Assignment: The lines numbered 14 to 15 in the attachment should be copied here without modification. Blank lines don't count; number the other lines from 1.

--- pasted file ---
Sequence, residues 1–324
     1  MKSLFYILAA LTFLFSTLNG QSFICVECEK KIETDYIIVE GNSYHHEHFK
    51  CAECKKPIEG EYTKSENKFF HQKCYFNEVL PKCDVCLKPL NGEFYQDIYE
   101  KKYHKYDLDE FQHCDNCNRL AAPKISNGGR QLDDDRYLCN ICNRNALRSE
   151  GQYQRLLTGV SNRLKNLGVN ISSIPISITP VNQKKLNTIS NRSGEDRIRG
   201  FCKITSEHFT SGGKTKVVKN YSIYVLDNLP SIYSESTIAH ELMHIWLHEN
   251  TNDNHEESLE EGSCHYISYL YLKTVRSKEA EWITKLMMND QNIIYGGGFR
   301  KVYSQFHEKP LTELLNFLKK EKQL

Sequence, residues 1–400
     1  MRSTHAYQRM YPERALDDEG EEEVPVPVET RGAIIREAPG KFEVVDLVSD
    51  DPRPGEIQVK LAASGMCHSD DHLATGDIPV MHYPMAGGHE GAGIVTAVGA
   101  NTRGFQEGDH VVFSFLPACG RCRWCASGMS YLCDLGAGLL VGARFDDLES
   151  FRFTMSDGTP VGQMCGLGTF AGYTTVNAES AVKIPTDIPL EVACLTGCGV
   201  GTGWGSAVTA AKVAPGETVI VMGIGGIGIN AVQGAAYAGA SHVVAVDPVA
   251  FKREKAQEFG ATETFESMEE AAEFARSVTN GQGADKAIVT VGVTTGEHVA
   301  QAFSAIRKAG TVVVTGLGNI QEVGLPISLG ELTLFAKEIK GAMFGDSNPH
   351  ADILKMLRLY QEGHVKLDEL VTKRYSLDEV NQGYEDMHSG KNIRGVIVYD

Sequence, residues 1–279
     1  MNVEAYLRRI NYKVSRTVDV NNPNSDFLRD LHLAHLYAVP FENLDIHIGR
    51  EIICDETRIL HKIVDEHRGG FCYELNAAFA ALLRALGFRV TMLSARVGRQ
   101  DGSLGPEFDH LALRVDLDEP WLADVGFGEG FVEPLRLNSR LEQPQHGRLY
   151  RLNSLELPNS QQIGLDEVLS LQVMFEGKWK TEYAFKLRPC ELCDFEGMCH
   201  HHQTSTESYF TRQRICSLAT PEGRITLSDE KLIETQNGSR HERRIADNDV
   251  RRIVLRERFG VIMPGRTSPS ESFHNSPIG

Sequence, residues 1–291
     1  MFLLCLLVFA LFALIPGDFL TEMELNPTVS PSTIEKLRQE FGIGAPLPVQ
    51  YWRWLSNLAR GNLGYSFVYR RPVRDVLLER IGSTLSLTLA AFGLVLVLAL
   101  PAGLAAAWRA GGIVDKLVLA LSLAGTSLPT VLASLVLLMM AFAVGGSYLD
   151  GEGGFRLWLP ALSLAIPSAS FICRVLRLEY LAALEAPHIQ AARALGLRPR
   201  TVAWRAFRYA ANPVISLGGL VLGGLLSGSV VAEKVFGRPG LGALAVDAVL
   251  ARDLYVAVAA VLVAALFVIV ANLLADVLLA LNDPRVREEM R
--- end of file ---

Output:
   201  GTGWGSAVTA AKVAPGETVI VMGIGGIGIN AVQGAAYAGA SHVVAVDPVA
   251  FKREKAQEFG ATETFESMEE AAEFARSVTN GQGADKAIVT VGVTTGEHVA